Tim Lambert points us to this excellent analysis by John Nielsen-Gammon and the Glaciergate story is perhaps even worse than we first thought. This is not just a simple error or transcription problem.
the available evidence indicates that the IPCC authors of this section relied upon a secondhand, unreferreed source which turned out to be unreliable, and failed to identify this source.
Nielsen-Gammon also finds a remarkable consistency between the IPCC statement (on the left in the panel below) and a statement at the India Environment Portal (on the right in the panel below).
The inartfulness of the transfer of verbiage from the IEP to the IPCC explains the first word (“Its”) of the second IPCC sentence: there’s no single noun to which “Its” can refer in the IPCC quote, but in the IEP quote, “Its” refers to “The glacier” (poor English, but singular) in the previous sentence. To me, this is like a fingerprint: I am convinced that the IPCC author paraphrased the IEP article and leaving off or altering the references.
It just doesn’t look good at all.
He is also able to track down a potential origin of the 2035 date (emphasis added).
According to Kotlyakov, the loss of 80% of the extrapolar glaciation on the Earth’s surface will be by 2350, not 2035. And even after 2350 there will still be some glaciers surviving in the Karakoram, the Himalayas, and in parts of Tibet.
There are other errors too.
Recall that the IPCC quote referred to a table. The table lists the retreat of 8 Himalayan glaciers. Only one such retreat is as stated in the WWF report. Another retreat, recorded as 2840 m from 1845-1966, is listed as a rate of 134 m/yr, but the actual rate is 23 m/yr. Whoever did the calculation for the IPCC divided by 21 years instead of 121 years! The rest of the values are from other, unnamed sources.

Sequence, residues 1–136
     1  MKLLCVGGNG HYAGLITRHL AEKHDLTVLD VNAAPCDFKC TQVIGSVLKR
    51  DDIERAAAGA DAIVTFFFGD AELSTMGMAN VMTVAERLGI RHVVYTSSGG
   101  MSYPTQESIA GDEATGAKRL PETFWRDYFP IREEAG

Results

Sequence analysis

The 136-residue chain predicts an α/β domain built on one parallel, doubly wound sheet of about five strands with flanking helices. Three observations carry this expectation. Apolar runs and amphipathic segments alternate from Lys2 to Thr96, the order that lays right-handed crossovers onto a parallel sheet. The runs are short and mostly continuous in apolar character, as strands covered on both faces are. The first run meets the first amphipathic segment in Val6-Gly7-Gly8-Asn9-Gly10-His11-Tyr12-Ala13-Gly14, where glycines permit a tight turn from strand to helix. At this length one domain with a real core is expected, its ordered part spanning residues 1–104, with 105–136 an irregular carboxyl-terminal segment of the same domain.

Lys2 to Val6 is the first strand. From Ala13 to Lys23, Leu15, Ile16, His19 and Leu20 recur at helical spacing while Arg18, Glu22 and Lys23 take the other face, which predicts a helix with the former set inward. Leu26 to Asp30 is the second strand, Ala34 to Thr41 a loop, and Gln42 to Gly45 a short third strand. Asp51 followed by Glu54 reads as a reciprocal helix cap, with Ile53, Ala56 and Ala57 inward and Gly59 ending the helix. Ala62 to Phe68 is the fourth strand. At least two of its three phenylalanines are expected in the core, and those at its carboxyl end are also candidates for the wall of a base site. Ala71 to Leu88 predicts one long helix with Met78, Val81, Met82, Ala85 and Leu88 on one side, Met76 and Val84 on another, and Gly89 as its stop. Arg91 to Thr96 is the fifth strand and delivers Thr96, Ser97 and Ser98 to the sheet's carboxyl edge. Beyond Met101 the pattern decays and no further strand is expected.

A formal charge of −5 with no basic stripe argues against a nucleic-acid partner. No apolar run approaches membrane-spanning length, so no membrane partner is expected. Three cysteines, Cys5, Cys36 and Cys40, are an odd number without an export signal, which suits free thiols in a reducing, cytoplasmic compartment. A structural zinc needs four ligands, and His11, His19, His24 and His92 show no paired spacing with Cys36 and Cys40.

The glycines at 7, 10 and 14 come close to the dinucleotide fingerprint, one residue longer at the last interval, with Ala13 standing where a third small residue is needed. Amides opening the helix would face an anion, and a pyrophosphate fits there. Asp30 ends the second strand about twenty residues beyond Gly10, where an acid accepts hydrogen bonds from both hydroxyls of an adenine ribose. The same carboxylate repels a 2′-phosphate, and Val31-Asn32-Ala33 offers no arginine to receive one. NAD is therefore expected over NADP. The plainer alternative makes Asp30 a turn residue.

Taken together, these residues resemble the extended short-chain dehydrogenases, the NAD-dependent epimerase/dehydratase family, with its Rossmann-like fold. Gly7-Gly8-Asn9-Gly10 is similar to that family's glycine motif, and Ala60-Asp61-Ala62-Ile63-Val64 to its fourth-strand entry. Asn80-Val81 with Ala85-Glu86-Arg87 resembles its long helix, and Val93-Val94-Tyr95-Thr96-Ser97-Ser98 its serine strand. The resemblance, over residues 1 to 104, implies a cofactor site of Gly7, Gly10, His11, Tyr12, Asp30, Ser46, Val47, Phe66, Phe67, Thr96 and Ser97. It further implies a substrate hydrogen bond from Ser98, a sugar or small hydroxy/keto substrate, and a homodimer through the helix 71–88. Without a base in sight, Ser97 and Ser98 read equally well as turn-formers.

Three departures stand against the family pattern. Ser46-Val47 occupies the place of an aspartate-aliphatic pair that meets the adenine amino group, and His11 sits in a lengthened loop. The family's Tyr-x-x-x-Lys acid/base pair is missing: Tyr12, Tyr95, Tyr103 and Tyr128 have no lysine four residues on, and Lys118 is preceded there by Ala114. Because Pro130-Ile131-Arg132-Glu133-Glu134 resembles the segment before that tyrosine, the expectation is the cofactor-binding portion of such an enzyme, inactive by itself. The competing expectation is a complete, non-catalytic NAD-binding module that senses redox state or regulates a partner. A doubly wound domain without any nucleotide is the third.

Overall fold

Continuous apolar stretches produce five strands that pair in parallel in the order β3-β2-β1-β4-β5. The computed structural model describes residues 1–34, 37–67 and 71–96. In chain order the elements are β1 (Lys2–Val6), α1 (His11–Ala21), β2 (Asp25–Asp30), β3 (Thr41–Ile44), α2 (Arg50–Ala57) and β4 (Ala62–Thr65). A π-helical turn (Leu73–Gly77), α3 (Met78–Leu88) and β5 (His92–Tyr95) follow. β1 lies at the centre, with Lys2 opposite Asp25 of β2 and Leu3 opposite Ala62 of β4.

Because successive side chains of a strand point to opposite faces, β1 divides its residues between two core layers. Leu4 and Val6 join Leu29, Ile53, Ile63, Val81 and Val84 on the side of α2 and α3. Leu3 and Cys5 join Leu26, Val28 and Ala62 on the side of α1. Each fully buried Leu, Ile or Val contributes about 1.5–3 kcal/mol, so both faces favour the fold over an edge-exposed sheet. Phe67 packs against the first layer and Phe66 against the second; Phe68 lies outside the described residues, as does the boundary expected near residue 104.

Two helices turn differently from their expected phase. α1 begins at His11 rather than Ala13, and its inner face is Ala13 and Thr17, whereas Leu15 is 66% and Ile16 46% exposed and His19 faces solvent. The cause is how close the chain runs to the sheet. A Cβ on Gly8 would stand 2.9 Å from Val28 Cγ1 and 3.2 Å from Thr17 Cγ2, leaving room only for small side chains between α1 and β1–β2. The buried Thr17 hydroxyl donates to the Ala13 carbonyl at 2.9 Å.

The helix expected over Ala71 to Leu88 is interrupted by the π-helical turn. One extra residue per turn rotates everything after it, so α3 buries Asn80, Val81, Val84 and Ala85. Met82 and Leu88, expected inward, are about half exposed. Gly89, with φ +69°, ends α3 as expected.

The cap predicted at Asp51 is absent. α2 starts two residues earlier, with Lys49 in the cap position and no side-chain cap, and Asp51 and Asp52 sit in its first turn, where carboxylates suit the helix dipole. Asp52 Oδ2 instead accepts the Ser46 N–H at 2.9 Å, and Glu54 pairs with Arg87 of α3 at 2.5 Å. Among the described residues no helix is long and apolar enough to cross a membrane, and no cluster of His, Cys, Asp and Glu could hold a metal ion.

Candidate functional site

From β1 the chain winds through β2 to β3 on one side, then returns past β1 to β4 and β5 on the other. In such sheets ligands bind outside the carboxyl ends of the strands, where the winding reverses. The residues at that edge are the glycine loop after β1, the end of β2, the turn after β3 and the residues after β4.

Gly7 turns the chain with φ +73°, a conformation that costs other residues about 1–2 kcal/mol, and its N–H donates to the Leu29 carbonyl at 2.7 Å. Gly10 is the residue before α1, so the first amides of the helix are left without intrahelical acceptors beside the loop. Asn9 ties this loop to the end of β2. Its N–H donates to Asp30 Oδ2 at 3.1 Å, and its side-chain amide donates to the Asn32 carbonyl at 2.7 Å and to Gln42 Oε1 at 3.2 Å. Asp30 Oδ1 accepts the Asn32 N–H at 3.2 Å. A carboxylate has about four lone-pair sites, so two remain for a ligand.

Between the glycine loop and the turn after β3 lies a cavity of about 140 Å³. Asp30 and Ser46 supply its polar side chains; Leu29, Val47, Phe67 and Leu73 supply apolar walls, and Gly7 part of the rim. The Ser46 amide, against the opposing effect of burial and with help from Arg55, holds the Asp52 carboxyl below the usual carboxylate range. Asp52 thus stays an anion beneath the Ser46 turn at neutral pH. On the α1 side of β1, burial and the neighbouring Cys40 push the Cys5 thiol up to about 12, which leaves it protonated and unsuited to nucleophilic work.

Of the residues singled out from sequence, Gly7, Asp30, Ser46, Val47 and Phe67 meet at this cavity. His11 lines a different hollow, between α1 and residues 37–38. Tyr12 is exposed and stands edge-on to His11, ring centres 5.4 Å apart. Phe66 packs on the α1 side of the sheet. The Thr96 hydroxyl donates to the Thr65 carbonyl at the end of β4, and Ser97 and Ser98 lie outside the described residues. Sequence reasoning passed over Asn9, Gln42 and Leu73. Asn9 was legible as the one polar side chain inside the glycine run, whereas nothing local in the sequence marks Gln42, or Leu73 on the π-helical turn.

Lambert’s own analysis is also quite interesting. He looks at the reviewing process itself.
There was no cite at all for the claim and more than one reviewer noted that a citation was needed. If the chapter authors had followed this comment, all would have been well:
I am not sure that this is true for the very large Karakoram glaciers in the western Himalaya. Hewitt (2005) suggests from measurements that these are expanding – and this would certainly be explained by climatic change in precipitation and temperature trends seen in the Karakoram region (Fowler and Archer, J Climate in press; Archer and Fowler, 2004) You need to quote Barnett et al.’s 2005 Nature paper here – this seems very similar to what they said. (Hayley Fowler, Newcastle University)
But the response was this:
Was unable to get hold of the suggested references will consider in the final version
Instead the authors added to a cite to this WWF report, which says
“In 1999, a report by the Working Group on Himalayan Glaciology (WGHG) of the International Commission for Snow and Ice (ICSI) stated: “glaciers in the Himalayas are receding faster than in any other part of the world and, if the present rate continues, the livelihood of them disappearing by the year 2035 is very high”.
And here we see the perils of lazy citing. The IPCC report should have cited the WGHG/ICSI report, but the authors weren’t able to get hold of it. If they had, they would have found that it doesn’t say anything about the glaciers disappearing by 2035. The WWF report authors hadn’t seen the WGHG report either, but relied on this New Scientist story, by a reporter that hadn’t seen the report either, but had talked to the author of the WGHG report.
So Lambert concludes its all about lazy citation. But that isn’t what he has found. The IPCC state that they are unable “to get hold of the suggested references” but that isn’t the WGHG/ICSI report they can’t get hold of. The reviewer is suggesting they get hold of a paper in Nature. Furthermore the reviewer is saying that the peer-reviewed literature is suggesting that glaciers are expanding not melting away. The IPCC ignore that, claim they can’t find a reference in Nature, and then publish the false information anyway.